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Friday, May 27, 2011

The Hand Position Drill, Part 2

Yesterday's post looked at forearm and hand positions in the bottom half of the swing on both sides of the ball. But there is so much more to your swing than just the bottom parts. If you want to know where your hands are (and thus where the clubface is) throughout the swing, you've got to know about the top parts as well. That's what we're going to look at today.

First, let me link you to this post about K.J. Choi's swing. That post focused on how well K.J. keeps his hands in front of him throughout the swing and it included a short video by K.J.'s swing coach Steven Bann. The post is worth re-reading, but here's the video (just to save some time) because some of you may not have heard this aspect of the swing taught before:

Let's use what Steven Bann has just said to help us work on the top part of our swing drill. First let's get in position. I'm describing this for right-handers and I've put the left-handed version in brackets:
  1. Take your normal setup position. Use a neutral grip (both thumbs on top of the club's grip) as we did in yesterday's post.
  2. Cock the club straight up with your wrists so it forms a 90° angle between the shaft and your forearms. Again, we did this in yesterday's post.
  3. Lift the club toward your shoulder.
  4. I want you to do this is a very specific way. Keep your left [right] arm straight and raise your arms by bending your right [left] elbow. This will move your hands from the center of your body to a position just above shoulder height and in front of your right [left] shoulder. This will look like it's not a full arm swing, but if you did it at normal speed this position would get your arms nearly vertical. This is about how the top of swing position would feel during a normal swing.
  5. Turn your shoulders 90° to mimic your position at the top of your backswing. The club shaft should extend over your shoulder at about a 45° angle.
  6. You should be able to hold this position pretty easily, even with both feet flat on the ground. If you aren't flexible enough (and there's no shame if you aren't), relax your arms a bit (let them drop) just enough that you can. The hand position is the most important thing here.
Now we're in our starting position. Ready to start the drill? This is going to sound insanely simple after all that description on how to set up, but I bet some of you are going to have trouble with it.
All I want you to do is lower your hands from shoulder-high to waist-high using just your right [left] elbow. Your hands will travel in a diagonal line from in front of your shoulder down in front of your belly button, which will cause your bent arm to straighten out. Then use your elbow to return them to their starting point in front of your shoulder. Don't tilt the shaft to either side as you raise and lower your hands. Do it slowly several times... and make sure you don't turn your shoulders at all.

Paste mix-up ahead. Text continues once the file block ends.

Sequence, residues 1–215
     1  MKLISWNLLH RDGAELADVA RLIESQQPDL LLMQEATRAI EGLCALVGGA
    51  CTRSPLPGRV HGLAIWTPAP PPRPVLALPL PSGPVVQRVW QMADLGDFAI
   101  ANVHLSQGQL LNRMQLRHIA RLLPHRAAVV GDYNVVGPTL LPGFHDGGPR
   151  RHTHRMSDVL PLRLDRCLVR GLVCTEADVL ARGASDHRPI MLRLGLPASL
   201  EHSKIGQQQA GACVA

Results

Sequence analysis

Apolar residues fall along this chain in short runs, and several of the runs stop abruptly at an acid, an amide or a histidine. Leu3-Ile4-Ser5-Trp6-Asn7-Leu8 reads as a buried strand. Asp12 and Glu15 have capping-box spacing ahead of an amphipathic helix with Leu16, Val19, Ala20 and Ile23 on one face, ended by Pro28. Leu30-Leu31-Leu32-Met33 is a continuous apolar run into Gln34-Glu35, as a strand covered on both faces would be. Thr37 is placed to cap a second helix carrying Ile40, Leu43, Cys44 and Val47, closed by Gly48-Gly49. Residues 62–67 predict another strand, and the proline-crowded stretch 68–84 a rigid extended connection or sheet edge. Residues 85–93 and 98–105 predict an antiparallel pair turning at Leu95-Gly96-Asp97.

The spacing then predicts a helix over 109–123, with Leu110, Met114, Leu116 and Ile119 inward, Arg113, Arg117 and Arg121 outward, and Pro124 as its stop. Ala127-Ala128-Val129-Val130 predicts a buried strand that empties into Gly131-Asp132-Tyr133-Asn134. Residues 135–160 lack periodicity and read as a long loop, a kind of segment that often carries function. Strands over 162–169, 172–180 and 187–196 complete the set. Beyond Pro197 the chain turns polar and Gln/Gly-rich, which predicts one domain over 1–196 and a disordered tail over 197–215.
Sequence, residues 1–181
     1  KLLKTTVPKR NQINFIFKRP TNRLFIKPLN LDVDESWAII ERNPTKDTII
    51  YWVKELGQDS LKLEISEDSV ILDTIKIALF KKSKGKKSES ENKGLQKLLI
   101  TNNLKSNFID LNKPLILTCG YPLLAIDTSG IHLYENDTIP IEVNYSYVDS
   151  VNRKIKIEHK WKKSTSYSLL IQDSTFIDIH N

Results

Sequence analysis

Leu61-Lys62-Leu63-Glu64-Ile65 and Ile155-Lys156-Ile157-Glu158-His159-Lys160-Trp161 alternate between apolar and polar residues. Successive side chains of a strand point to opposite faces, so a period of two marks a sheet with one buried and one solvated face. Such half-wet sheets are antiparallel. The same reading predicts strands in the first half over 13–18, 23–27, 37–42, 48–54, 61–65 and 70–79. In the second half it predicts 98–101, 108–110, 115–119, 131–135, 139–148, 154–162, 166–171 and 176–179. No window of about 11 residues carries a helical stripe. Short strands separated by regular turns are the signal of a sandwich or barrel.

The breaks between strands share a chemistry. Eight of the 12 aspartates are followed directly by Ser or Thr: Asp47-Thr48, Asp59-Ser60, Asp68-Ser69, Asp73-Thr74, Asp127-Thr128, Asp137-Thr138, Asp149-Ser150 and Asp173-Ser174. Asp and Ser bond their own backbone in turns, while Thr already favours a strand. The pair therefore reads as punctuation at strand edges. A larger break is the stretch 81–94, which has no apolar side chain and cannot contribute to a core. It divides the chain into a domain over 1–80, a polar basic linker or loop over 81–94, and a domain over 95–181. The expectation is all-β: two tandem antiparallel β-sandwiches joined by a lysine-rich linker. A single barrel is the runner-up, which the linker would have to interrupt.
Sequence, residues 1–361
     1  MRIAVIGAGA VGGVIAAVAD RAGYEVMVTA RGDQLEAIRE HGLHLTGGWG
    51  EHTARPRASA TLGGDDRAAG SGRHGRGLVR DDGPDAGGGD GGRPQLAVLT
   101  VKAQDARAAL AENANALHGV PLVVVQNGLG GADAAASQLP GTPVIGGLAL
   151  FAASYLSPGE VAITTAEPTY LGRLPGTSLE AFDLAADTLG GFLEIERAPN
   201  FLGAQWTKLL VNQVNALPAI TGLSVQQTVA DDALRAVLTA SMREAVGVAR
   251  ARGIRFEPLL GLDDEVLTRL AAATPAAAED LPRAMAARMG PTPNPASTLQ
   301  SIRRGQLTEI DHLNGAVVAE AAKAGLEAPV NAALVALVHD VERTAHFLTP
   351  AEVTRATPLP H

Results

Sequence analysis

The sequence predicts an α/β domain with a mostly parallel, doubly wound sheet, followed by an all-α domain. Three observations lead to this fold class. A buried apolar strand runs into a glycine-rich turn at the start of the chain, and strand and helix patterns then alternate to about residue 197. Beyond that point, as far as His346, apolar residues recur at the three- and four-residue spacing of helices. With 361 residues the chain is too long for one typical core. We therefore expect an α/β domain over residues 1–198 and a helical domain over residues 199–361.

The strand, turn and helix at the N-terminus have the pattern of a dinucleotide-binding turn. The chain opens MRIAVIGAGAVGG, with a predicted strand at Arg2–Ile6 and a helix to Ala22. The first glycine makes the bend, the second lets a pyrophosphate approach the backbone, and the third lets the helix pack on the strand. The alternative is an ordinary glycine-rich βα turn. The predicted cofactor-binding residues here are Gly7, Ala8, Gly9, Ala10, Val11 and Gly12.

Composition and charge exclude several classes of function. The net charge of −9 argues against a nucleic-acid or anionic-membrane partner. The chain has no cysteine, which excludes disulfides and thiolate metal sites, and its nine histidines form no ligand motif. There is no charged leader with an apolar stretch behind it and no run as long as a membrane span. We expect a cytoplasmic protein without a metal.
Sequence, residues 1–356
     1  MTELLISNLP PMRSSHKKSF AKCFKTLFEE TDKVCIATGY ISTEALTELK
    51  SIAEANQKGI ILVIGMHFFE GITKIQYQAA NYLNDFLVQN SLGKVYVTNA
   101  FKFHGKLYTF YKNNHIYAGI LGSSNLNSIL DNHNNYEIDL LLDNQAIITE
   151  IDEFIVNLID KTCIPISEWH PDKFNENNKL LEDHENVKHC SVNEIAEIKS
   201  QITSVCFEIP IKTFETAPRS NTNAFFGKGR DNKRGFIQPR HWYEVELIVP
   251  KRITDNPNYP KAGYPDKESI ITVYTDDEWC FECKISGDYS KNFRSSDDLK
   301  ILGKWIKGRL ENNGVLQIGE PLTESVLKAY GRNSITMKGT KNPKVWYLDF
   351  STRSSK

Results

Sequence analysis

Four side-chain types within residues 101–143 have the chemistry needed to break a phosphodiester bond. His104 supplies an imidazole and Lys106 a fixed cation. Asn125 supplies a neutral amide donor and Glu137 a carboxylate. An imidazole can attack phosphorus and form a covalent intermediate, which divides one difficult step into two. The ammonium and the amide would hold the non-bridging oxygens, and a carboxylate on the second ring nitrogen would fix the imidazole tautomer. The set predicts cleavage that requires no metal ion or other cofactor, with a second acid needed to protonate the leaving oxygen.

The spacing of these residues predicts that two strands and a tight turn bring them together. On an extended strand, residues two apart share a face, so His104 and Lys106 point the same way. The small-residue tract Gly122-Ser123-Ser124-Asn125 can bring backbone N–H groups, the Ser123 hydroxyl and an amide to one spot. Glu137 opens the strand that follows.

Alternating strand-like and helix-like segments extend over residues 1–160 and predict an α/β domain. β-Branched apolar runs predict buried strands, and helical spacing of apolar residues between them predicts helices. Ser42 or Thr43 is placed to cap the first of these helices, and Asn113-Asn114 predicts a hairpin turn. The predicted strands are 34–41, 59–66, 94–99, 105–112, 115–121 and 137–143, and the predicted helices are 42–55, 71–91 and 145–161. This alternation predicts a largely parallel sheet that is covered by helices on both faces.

It's harder than it sounds, isn't it? Let's look at this in a bit more detail.

Since you're still in your golf posture at the top, the club shaft should be pointed over your shoulder as I explained in this post using Lucas Glover as an example. (And that post also explains why I want you to keep your shoulders still during this drill.) When you lower your hands, you return them to about the same position they were during yesterday's drill with the one-piece takeaway.

You've probably been looking at your hands up to this point. That's ok, but I also want you to turn your head back to your normal position (you'd be looking at the ball during a real swing, after all) and see how it feels if you haven't tried it already.

I want you to be able to feel that your hands are pointing the shaft straight up all throughout this move, even when you aren't looking at them. Then I want you to reset and mirror this drill on the other side, at the top of your finish position.

I know you're all beginning to think this is silly. "My hands won't really be in this position during the swing," you say. "The club moves on a plane, not straight up and down. This drill has absolutely nothing to do with the actual positions I move into during an actual swing." But you're wrong...

Although the club won't be in these actual positions during a swing, this is how your hand positions will feel when the club moves through its actual positions. When you consciously try to put the club on plane, you actually twist it off the correct plane. If your relaxed hands and forearms move through the positions we've used in the drill so far, the physics affecting the swinging club combine with the bending of your joints as your body turns, and the combination creates the proper swing plane automatically.

But the swing will feel this way, and feel is what this drill is intended to develop.

Work with this today because -- you guessed it -- tomorrow we'll put both parts together to make a drill for the complete swing. But we're going to do it in a special way... after all, I promised Dex this drill would do more than just stop his over-rotating forearms...

1 comment:

  1. Alright, all you chiropractors out there. Listen up:

    If you want to put a comment on this post -- or any other, for that matter -- to get a link to your practice, you have to say something worthwhile. Just saying that back pain is bad for your golf swing is going to get your link deleted.

    To make it short and sweet...

    If you add useful information, I'll leave your comment and your link. Otherwise, don't bother.